Martyred for the Gospel

Martyred for the Gospel
The burning of Tharchbishop of Cant. D. Tho. Cranmer in the town dich at Oxford, with his hand first thrust into the fyre, wherwith he subscribed before. [Click on the picture to see Cranmer's last words.]

Collect of the Day

The Second Sunday in Lent.

The Collect

ALMIGHTY God, who seest that we have no power of ourselves to help ourselves; Keep us both outwardly in our bodies, and inwardly in our souls; that we may be defended from all adversities which may happen to the body, and from all evil thoughts which may assault and hurt the soul; through Jesus Christ our Lord. Amen.

The Collect from the First Day of Lent is to be read every day in Lent after the Collect appointed for the Day.

Daily Bible Verse

Sunday, May 31, 2009

Sola Fide: The Protestant Doctrine of Justification by Faith Alone in the Thirty-nine Articles of Religion

[This article is posted also at VirtueOnline. Click here: Sola Fide.]

Sola Fide: The Protestant Doctrine of Justification by Faith Alone in the Thirty-nine Articles of Religion

In the 16th century a controversy raged within the Christian church in England and in continental Europe over the question of the salvation of individual believers before the judgment seat of Almighty God, who is eternally three persons as Father, Son and Holy Spirit yet one divine being. After this life is over there will be a judgment in the afterlife before God. The question is how can those who are born guilty of original sin and born with an inherently and intrinsically sinful human nature be justified before an omni-holy and omni-righteous God here and now and after death in the final judgment? As the question is put among Evangelicals, "Where will you spend eternity?"

The philosophical and theological premise of Holy Scripture is that God is Himself eternally self-existent, a doctrine called aseity. Before creation of the universe, time, or of any living creature God was, is and ever shall be from all eternity and into all eternity. He needs nothing to exist nor anything to sustain Him. He is eternally happy within the relationship of the divine trinity of persons. Thus, God needs no relationship with any of His creatures since He is self-contained and self-sufficient. To say otherwise would make God less than perfect and therefore not God at all. Moreover, God is the uncaused first cause of all that exists.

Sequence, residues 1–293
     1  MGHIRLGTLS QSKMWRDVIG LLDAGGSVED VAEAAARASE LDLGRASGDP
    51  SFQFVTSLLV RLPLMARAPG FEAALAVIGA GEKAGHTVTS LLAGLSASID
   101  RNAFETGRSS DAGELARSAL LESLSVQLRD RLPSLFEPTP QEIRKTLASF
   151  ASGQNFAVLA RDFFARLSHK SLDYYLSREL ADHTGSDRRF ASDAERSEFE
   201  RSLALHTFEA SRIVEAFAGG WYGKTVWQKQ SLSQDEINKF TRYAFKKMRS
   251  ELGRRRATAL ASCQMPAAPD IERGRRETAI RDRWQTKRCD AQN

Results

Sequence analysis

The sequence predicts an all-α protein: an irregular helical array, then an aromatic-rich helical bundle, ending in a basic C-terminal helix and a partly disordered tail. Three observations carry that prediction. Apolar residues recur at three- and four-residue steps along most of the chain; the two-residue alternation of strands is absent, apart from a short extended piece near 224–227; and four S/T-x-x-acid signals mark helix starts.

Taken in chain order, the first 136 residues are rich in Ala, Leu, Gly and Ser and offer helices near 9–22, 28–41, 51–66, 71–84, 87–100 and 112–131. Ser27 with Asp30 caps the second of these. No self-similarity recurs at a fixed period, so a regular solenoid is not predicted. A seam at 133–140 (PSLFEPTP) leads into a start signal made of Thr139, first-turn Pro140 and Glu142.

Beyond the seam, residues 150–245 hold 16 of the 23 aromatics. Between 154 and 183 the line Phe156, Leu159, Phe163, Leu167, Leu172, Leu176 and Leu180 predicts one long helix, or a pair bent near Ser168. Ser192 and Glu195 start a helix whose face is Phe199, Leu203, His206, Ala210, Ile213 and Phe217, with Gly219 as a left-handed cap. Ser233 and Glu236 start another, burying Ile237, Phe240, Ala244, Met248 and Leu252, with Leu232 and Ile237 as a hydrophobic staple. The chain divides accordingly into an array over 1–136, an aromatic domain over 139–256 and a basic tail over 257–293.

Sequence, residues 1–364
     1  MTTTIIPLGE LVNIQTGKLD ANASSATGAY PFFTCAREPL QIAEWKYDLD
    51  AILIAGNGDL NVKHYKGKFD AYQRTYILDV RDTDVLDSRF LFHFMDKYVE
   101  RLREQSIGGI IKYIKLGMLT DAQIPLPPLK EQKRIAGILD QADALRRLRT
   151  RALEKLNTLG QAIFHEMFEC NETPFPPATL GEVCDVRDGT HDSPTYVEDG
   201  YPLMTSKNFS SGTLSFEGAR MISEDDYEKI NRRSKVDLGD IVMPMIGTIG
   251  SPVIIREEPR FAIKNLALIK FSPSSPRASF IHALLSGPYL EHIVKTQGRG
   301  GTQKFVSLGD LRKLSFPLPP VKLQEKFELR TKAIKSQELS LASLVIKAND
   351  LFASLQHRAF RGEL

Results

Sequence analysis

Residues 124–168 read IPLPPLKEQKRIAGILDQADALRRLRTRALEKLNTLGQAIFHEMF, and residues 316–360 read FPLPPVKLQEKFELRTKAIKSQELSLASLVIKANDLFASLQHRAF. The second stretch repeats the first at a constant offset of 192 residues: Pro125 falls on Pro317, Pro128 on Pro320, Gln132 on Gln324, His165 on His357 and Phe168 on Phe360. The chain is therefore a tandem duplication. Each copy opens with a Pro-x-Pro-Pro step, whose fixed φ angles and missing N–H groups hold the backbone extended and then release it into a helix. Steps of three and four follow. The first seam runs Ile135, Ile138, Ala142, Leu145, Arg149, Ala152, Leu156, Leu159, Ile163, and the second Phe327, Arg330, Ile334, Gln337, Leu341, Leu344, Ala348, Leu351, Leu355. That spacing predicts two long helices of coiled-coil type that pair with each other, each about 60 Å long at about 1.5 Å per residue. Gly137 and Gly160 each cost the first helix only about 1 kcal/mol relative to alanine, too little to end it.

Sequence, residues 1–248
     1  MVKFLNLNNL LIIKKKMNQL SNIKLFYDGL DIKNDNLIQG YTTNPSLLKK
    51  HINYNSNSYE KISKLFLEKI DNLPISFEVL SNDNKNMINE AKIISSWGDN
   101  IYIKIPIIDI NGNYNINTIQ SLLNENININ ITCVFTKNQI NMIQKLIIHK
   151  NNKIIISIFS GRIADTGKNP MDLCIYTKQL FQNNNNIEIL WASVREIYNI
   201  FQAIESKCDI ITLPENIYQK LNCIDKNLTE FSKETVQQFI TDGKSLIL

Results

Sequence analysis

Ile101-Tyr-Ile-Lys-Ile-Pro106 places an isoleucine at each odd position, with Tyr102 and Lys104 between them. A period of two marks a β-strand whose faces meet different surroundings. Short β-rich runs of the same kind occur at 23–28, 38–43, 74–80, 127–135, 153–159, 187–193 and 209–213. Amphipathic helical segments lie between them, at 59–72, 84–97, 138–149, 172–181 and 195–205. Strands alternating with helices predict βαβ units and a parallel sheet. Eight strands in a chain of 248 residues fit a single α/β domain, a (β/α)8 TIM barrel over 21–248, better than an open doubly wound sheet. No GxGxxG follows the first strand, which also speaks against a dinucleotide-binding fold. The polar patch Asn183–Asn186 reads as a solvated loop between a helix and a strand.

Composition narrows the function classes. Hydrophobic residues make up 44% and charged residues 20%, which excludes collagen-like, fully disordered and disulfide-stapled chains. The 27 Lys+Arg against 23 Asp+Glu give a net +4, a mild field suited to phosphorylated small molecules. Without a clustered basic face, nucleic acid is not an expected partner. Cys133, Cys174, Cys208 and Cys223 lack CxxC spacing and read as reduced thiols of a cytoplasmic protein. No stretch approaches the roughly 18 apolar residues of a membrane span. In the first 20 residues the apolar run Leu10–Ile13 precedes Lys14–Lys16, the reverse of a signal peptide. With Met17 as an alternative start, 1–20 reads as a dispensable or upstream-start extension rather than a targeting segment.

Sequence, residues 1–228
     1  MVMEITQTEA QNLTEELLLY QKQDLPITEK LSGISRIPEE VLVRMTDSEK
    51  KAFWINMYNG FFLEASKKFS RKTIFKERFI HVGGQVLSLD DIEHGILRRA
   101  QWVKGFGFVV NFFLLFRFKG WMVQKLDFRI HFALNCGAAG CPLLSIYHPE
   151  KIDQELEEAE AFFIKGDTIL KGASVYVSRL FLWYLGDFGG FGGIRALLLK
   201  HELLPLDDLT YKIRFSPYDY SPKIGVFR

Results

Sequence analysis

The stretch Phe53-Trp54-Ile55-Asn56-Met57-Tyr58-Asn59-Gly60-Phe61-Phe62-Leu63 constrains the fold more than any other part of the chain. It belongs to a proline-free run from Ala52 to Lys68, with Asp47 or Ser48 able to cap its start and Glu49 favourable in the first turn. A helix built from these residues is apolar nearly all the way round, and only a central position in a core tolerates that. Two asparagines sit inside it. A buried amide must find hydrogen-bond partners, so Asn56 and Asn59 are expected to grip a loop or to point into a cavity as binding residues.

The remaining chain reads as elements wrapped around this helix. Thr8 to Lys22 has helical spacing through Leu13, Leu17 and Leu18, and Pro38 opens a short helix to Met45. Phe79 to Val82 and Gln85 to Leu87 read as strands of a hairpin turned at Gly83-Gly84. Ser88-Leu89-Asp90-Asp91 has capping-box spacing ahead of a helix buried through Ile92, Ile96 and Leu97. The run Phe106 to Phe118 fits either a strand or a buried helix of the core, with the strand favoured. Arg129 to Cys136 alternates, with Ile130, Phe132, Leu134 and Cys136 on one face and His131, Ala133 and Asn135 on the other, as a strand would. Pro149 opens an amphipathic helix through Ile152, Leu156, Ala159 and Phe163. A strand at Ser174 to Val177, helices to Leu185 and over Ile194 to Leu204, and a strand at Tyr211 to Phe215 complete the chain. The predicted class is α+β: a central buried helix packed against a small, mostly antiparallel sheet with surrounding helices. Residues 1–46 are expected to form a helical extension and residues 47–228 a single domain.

Thus, in any discussion of biblical doctrine one must begin with a basic understanding of the doctrine of God. Who and what God is in and of Himself determines everything else one understands about Him, including one's soteriology or doctrine of salvation. The basic premise of the Bible is that all creatures, including men and angels, are answerable to God and not the other way around. God answers to no one and is perfectly holy, just, righteous and good. His divine attributes would include omnibenevolence, omnipotence, omnipresence, and omniscience. So the beginning point with Reformed theology and with the Thirty-nine Articles of Religion is God and not man. The theology of the Articles of Religion and of the 1559/1662 Book of Common Prayer is theocentric/christocentric and not anthropocentric. This God and Christ centered logical order and systematic organization is deliberate and not merely coincidental.

If the beginning point of one's soteriology acknowledges these attributes, then to accuse God of being contradictory in any of these inherent qualities and attributes of His true nature and being is to make God less than God. Therefore, in any theodicy of God's goodness before man, one must account not for God before man but man before God. The theology of God's aseity presupposes His absolute control of all that exists and of all that comes to pass, including the fall of angels and the fall of mankind into rebellion against their Creator. This doctrine is directly implied in Article XVII of the Thirty-nine Articles of Religion. While God decrees all that happens, He does so without violating the free agency of human beings. (See Westminster Confession of Faith, Ch. 3:1). So even though the fall is decreed by God yet man is completely accountable and responsible for his own actions. Adam of his own free will, being a perfect man from his creation, chose to rebel against God. So all of Adam's offspring afterwards were born with the guilt of original sin and with a totally corrupted human nature. (See Genesis 6:5-6; Genesis 8:21; Job 14:4; 15:14; Psalm 51:5; Jeremiah 17:9; Matthew 15:19; Romans 3:23). Since the fall of Adam every single individual freely and willingly chooses to rebel because it is in his or her nature to live for himself or herself rather than to glorify God (Romans 1:18-21).